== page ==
The free Windows 10 upgrade gravy train is ending soon

The days of a free Windows 10 upgrade are numbered, with Microsoft confirming that, after July 29, you'll be expected to open your wallet if you want to bring an older Windows PC up to the cutting edge. As part of its efforts to get Windows 10 on as many PCs as possible, as soon as possible, Microsoft had launched the OS with a year-long free upgrade offer.

It worked, too. Microsoft says today that Windows 10 is currently running on 300 million active devices around the world, and that individual apps and services are seeing heavy use, too.

Cortana, the virtual digital assistant that jumped from Windows Phone to Windows 10 on laptops and desktop PCs, has answered more than six billion questions since being made available on the OS, for instance.

Meanwhile Microsoft Edge, Windows 10's browser and the replacement to the little-loved Internet Explorer, has been seeing growing use. Edge saw more than 63 billion minutes use in March, which is apparently a 50-percent increase in time over the previous quarter.

Any continued growth won't be entirely from people desperately wanting to use Edge, mind. One of the recent changes Microsoft has made is locking down Cortana to only use its own browser when answering questions.

Still, the biggest news today is the reminder that as of July 30 you'll need to pay for an upgrade to Windows 10 Home, rather than getting the software free.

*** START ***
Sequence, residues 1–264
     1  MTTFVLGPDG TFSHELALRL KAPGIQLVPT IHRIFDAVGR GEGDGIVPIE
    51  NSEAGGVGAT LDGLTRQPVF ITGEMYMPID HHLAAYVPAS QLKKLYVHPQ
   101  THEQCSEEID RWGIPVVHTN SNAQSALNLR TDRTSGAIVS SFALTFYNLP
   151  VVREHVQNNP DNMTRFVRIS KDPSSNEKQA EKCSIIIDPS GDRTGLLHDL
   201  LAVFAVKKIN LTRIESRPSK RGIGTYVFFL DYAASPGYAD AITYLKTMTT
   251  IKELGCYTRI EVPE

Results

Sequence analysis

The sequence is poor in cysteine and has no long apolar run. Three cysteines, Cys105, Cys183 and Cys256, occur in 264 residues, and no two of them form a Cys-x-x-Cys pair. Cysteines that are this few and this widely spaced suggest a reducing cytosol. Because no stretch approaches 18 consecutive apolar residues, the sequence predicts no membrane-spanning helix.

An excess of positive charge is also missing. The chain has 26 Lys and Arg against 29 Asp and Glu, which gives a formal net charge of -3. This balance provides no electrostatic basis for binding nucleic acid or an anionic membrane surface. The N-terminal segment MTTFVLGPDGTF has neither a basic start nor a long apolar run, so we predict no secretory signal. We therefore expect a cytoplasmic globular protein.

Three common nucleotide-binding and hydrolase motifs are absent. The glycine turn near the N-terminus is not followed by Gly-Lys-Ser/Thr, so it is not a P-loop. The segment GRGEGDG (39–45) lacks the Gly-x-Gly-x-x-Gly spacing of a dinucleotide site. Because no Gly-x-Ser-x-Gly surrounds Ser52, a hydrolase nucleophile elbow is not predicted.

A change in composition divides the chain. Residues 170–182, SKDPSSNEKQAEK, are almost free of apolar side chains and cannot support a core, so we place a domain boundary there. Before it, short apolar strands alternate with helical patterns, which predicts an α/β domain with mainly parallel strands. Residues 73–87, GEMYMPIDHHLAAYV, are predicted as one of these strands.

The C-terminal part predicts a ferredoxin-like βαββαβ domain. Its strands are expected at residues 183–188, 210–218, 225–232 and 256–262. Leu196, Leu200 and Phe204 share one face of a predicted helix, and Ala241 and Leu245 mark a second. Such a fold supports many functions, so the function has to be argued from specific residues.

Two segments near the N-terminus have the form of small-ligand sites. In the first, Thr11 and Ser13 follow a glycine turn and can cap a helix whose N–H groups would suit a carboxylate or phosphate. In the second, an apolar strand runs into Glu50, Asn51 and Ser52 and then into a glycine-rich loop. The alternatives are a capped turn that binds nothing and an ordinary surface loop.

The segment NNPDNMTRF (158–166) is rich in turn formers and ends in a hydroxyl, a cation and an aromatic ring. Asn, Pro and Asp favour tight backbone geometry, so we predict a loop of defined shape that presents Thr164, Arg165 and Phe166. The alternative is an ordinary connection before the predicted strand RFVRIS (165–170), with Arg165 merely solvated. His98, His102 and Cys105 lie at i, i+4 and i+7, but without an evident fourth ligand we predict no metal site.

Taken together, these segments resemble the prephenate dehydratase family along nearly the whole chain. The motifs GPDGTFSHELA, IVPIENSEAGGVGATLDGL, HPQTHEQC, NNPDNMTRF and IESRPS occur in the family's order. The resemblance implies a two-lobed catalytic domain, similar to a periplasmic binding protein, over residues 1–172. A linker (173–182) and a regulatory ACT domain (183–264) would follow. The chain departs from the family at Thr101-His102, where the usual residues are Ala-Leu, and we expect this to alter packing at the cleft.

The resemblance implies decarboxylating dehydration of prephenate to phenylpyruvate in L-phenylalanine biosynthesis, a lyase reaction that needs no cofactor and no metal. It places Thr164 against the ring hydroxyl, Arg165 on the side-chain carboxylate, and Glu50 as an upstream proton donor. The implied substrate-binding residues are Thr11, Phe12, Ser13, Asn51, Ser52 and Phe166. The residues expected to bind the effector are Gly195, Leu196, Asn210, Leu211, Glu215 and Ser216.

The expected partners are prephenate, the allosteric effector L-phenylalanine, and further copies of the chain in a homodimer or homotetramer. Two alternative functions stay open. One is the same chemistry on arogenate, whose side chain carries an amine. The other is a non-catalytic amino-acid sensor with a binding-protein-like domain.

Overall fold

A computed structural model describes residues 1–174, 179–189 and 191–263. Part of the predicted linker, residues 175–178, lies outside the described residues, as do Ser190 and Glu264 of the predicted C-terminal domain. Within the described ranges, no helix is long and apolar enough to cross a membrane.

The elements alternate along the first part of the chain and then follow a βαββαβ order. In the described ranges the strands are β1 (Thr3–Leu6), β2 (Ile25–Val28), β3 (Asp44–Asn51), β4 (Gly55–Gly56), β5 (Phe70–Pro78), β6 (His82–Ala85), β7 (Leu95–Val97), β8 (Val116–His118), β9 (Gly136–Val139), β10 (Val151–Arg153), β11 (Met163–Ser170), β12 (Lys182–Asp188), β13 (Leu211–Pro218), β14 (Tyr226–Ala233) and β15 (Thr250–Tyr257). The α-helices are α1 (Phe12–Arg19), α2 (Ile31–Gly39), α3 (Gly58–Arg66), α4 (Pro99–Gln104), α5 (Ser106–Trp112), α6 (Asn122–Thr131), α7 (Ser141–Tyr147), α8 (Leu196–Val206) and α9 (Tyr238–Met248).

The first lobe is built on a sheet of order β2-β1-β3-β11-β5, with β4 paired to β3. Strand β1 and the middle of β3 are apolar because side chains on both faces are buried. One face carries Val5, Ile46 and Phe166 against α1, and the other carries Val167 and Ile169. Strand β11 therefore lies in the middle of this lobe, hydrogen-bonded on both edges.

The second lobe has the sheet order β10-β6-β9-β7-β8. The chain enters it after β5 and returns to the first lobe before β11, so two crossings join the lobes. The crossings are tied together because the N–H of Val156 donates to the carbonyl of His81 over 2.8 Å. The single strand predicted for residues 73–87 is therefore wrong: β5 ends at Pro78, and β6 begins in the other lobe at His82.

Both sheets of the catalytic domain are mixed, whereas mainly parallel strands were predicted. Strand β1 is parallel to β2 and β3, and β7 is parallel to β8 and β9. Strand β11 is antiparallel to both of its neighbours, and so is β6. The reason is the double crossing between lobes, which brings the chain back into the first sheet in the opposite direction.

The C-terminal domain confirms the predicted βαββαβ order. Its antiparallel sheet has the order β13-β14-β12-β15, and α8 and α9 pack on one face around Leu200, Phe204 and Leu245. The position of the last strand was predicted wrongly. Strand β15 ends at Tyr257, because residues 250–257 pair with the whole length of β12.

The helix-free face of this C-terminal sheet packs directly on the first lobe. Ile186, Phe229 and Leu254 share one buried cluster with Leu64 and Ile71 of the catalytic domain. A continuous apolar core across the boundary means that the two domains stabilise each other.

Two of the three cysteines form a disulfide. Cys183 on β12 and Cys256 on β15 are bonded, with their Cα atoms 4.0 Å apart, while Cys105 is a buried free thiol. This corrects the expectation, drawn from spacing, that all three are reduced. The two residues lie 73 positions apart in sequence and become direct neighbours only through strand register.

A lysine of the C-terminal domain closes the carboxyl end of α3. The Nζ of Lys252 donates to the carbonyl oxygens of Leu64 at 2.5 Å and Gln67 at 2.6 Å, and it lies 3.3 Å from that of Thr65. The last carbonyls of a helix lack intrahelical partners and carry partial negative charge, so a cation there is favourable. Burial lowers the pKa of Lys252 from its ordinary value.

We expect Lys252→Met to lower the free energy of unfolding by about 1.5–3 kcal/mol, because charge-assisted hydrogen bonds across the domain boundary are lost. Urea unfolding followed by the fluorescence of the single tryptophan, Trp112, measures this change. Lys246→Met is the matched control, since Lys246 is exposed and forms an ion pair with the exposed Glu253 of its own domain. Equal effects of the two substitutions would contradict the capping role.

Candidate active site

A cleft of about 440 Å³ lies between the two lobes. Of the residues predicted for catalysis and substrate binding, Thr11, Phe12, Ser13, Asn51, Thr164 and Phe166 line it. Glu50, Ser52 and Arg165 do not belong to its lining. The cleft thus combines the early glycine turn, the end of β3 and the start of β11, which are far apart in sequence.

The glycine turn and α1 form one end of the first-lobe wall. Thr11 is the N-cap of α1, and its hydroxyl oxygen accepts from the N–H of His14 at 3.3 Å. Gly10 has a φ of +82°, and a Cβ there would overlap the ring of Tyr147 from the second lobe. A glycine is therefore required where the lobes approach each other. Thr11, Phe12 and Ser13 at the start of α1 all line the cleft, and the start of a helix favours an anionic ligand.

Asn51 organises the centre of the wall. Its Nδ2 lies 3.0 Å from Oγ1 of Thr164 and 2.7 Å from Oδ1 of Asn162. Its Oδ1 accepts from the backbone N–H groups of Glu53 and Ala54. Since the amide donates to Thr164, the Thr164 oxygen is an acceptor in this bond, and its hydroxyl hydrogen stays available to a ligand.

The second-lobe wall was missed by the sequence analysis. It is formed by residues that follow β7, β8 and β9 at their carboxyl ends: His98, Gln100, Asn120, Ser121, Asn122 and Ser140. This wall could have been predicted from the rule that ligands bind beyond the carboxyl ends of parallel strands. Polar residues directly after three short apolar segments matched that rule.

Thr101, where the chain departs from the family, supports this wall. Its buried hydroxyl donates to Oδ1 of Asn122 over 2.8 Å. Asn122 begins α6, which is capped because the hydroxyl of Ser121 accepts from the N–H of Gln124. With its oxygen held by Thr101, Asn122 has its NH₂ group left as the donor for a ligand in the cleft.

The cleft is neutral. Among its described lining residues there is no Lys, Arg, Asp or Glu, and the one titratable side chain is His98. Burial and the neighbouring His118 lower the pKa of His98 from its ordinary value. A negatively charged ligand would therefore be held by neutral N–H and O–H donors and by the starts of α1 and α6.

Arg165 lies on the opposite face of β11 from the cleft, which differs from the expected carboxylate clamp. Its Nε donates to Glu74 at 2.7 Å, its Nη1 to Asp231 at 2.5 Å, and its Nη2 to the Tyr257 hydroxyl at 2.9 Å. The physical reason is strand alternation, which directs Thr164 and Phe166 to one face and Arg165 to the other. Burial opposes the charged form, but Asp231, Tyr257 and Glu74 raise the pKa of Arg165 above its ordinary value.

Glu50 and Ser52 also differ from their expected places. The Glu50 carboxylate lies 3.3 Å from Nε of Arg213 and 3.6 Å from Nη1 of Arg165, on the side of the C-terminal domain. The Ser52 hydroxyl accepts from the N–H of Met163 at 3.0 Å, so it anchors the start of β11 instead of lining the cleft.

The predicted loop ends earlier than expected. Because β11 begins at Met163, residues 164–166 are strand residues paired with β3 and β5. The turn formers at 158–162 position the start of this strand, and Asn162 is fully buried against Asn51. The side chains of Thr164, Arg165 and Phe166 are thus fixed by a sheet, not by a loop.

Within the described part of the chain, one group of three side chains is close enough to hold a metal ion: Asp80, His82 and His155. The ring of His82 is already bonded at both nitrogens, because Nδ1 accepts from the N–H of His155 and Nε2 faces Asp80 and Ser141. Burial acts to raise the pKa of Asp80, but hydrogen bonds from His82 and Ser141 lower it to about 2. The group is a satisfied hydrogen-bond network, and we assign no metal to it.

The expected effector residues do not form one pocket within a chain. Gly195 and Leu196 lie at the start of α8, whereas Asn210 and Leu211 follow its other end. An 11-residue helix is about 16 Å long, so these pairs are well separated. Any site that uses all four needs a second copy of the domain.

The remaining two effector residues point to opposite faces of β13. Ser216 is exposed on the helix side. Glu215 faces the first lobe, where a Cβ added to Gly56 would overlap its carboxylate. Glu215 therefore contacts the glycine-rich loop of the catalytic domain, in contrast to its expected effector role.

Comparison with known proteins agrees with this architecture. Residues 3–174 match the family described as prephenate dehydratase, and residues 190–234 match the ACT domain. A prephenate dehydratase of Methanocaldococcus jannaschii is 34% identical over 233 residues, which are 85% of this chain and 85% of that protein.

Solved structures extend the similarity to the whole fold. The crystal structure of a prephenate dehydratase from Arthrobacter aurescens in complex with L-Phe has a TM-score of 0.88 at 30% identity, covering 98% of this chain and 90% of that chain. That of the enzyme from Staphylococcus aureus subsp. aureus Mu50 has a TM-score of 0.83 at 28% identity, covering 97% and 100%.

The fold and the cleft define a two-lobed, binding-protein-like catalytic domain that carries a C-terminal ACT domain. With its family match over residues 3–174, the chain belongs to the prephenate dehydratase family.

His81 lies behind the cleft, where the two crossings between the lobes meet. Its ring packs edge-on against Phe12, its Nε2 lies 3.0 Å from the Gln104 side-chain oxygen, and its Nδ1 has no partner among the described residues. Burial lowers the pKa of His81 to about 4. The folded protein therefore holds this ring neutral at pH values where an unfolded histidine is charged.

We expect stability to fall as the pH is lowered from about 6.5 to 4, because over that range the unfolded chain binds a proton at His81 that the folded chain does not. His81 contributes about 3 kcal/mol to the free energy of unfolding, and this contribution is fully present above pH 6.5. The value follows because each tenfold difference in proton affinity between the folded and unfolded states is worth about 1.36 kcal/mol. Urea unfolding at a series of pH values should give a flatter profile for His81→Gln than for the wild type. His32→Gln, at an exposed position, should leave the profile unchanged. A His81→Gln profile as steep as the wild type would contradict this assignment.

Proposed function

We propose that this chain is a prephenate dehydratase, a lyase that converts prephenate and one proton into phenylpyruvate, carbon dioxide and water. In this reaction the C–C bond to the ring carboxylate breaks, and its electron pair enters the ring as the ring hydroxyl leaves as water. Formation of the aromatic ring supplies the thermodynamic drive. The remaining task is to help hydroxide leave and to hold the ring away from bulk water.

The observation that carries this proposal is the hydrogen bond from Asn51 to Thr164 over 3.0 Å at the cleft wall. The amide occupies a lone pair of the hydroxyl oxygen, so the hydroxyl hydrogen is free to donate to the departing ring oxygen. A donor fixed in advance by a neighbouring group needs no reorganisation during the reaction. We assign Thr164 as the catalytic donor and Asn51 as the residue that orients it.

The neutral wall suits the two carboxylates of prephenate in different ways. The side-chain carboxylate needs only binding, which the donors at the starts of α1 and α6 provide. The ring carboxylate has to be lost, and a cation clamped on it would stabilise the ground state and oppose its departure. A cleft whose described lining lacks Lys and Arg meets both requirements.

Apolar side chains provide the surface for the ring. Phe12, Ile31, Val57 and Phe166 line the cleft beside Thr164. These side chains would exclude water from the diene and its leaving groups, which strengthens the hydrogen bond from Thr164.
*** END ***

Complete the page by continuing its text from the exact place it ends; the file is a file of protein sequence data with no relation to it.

That'll set you back $119 in the US for the full version.

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It remains to be seen how the decision to start charging for Windows 10 rather than giving it away will impact growth. Part of Microsoft's strategy was to encourage businesses to shift away from older versions of Windows, which many had been clinging to over concerns about supporting a new release not to mention the traditional costs involved in pushing it out to a large number of PCs.

Nonetheless, it's a stark contrast to Apple, which for the past few releases of OS X has made upgrading to the latest version a no-cost process. That has paid dividends for keeping Macs up-to-date, though of course Apple also makes plenty of money from actually selling its Mac hardware, something Microsoft only does on a smaller scale with sales of its Surface line-up.

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